How do you want white people to take this in and digest it?

Terence Nance: I don’t know, I mean… [laughs].

I’m watching this and one of the things that just came to mind was like, blackness is so bad. It’s just so much. But if I were white, I would be like, wow.

Terence Nance: Well I would ask you a question back: do you really think you would know what it’s like to be white?

That’s a very good retort. I don’t know what it’s like to be white, but I know that if I were watching this, I would be intrigued, but nervous for a point of entry. So my question is: what are your hopes when a white person watches this?

Terence Nance: I don’t even think about that. But I mean, I guess in the abstract, white people listen to Wu-Tang and love it. So, when you ask that question, it’s like, I don’t expect there to be an issue in terms of entry point.

How do you build a series when it seems so based on streams of consciousness?

Terence Nance: I think what I’m hearing in your question is the implication that streams of consciousness are inherently non-linear and non-narrative, and I would say that they’re the opposite. I think streams of consciousness are post-linear and causal. There’s a causality relationship between everything that’s happening. In the pilot and in the rest of the season, there’s a relationship between all the events that happen. And if you are experiencing them linearly, there’s still a non-linearity to either the emotional or tonal experience that’s happening. But it’s all still a narrative experience.

To that point, I think that hopefully the show plays like Game of Thrones. Like, when y’all write about “Please don’t spoil the Red Wedding,” you know what I mean? [laughs]. Don’t try come at it as if it’s sort of a grab-bag of things, because I think our goal is to further the sequence of events to have interrelated moments, happenings, that are kind of dependent on what our experience in life is: going from not knowing to knowing on a moment-to-moment basis.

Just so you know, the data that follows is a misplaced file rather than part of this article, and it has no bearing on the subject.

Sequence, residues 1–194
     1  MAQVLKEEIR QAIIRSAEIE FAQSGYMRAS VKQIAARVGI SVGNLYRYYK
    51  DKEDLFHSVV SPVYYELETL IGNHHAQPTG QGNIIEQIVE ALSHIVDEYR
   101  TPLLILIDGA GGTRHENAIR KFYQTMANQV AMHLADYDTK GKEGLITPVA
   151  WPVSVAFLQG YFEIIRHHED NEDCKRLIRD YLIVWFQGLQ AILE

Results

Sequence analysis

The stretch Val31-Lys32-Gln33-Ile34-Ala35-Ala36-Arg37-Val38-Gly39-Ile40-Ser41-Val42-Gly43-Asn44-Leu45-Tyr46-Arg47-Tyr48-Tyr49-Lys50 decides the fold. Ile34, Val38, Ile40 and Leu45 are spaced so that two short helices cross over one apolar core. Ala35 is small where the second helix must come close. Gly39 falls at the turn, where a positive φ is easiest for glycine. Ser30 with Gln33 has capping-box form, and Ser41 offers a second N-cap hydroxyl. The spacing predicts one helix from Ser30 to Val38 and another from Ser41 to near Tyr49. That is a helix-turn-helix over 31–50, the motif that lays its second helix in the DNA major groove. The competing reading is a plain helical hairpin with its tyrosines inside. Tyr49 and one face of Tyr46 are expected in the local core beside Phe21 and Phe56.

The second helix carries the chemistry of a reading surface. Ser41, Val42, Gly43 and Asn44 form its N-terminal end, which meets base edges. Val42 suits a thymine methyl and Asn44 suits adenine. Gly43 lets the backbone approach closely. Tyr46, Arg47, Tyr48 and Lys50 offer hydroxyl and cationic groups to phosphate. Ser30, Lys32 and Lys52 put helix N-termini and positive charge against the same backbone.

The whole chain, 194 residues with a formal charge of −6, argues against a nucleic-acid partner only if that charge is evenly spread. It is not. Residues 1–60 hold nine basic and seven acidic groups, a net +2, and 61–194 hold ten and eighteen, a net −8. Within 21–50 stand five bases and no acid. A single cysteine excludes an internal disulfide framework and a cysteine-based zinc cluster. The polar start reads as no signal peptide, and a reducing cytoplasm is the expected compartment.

As artists addressing issues such as violence, how do you balance or ensure that it’s healing and not a sense of re-victimization?

Terence Nance: I think I should toss that to somebody else. But for me, I would say that I don’t think it’s possible to know if someone will be traumatized or re-victimized. I think that our hope is that that isn’t a part of the process. But it’s a risk.

A: Just echoing that, I think it has a lot to do with the energy that you bring to the process as well. Intention is everything— you can have good intentions and [still] go the wrong way. But in the process of making “Everybody Dies!” with Frances [Bodomo,] we were very specific with what we were at least trying to do, and I think going in with that kind of intention can, at the very least, protect against exploitation. But when you’re dealing with heavy concepts and images, there’s the possibility that somebody will, nevertheless, feel a negative emotional response. That’s just a fact of life.

How do you get from the point where you say “I want to talk about this issue,” to how it’s depicted here?

Terence Nance: Well, I don’t think our process is theme first. I didn’t feel that way when we were making it or conceptualizing it. I think it was more like, from the chest as opposed to from the brain. So when you ask, “how do you come to the way you’re going to present the idea,” I think maybe the way kind of comes first a little bit. At least for me, my experience of being with the collaborators was more like, just thinking about the stuff we wanted to make in a way that was not super self-conscious about what it was, and then organizing it later.

Are you happy with the finished product?

Terence Nance: I don’t know that happiness exists, but I’m excited. I think excitement exists. I’m excited— I’m very excited… And I think it’s done! [Laughs].